It’s incredible that someone as good looking as Matt Bomer would become a character wrapped in bandages, but that’s exactly what happens here. With that said, we do see Bomer (and Fraser for that matter) quite a lot in the first episode. His early scenes have a 1960s feel and look, appropriately, and Larry Trainor’s story, even before the accident that turns him into Negative Man, can be heartbreaking.

“Heartbreaking” is also a good word to describe the story of Rita Farr (April Bowlby). An actress from movies’ Golden Age, an accident literally makes her look like she melts into a blob. Imagine if the most beautiful actress in the world would get disfigured beyond her own control. Bowlby plays Rita as a proper, possibly neurotic 1950s woman who still longs for her glory days. It was such a good choice to keep her after her Titans appearance. I’ve always enjoyed April Bowlby’s work — Drop Dead Diva was a favorite — but this role is one people will be talking about.

Niles Caulder is probably a lot like the X-Men’s Charles Xavier on the exterior, but inside, he is hiding a lot of things from the people who live in his house. He’s “Dad” to this group. It seems he wants to help them, but he is certainly not telling them anything. This is another area where the casting comes in handy — Timothy Dalton is a big “get” and he portrays “The Chief” with so much gravitas. I can’t wait to learn more about him.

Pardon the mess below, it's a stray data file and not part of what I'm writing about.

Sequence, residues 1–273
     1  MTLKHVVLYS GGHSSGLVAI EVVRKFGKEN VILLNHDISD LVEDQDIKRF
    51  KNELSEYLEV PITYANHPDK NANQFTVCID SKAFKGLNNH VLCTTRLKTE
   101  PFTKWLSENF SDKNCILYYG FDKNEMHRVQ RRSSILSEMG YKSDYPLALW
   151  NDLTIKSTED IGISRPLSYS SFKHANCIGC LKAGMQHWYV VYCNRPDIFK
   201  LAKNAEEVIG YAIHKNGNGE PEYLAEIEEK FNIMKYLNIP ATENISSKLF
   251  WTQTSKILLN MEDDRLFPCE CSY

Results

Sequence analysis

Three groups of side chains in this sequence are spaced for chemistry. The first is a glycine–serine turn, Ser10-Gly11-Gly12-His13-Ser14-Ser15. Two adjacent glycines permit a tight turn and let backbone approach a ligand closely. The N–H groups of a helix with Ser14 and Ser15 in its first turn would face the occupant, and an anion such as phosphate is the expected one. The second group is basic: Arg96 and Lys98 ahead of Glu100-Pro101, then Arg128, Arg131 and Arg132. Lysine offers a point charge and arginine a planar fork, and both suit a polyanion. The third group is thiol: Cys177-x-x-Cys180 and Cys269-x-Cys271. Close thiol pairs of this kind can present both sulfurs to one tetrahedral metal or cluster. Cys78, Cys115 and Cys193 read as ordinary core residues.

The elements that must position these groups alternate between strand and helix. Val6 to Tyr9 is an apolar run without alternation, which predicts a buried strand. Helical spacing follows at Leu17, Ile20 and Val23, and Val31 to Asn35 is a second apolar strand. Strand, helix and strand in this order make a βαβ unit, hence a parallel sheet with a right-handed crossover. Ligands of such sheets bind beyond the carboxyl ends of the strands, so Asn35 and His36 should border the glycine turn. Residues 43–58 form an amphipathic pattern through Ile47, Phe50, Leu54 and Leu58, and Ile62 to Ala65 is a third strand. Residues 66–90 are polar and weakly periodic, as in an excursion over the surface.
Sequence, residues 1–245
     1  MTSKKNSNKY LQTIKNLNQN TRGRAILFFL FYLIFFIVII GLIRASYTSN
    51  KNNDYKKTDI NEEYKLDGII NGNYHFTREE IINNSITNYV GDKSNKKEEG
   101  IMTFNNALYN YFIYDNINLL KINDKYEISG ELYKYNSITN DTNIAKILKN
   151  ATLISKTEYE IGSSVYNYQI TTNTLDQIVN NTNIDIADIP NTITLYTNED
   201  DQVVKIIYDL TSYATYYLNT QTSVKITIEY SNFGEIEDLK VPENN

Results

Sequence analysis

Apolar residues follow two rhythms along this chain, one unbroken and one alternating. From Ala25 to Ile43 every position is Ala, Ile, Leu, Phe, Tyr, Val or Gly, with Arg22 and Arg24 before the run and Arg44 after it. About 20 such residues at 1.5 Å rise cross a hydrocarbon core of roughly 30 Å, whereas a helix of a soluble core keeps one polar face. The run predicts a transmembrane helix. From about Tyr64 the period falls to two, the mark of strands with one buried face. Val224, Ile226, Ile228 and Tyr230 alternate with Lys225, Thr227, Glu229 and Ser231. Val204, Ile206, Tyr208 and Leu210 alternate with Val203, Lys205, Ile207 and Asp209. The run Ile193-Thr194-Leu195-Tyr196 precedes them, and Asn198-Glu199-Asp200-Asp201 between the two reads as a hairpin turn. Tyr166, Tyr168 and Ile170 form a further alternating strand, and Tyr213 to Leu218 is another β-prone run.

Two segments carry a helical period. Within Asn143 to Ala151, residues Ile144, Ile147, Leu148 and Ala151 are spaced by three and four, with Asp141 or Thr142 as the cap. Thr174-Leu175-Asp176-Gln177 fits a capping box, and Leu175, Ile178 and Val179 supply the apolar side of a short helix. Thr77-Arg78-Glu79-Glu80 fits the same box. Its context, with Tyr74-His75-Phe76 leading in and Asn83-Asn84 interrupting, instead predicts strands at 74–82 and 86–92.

Finally, again, there’s Jane, who has so many personalities — each with their own superpower — that you have no idea what you’ll get. Diane Guerrero (Orange is the New Black) plays the role. If this show had been on, say, HBO, people would be talking “Emmy” here. Imagine if Tatiana Maslany of Orphan Black had to change from character to character on a dime, and that’s what we have here. Just wait until you meet “Hammerhead!”

When reviewing Titans, I pointed out that I wasn’t too much of a fan of the vulgarity within. Part of my issue with that it would keep kids who grew up with the Teen Titans from getting a live-action Titans show to enjoy. The other is that I felt Titans tried too hard to be adult. Like, yeah, saying “F-ck Batman” is cool, let’s go bash someone’s face into a glass window! In this case, Doom Patrol also has bad language, but it feels earned. Maybe because of the Grant Morrison source material this is okay; but also, I feel that the situations these characters have been put in merit the language and the darkness. This show is not for children, but again to use the HBO example, this is a show that would very much fit in at a place like that.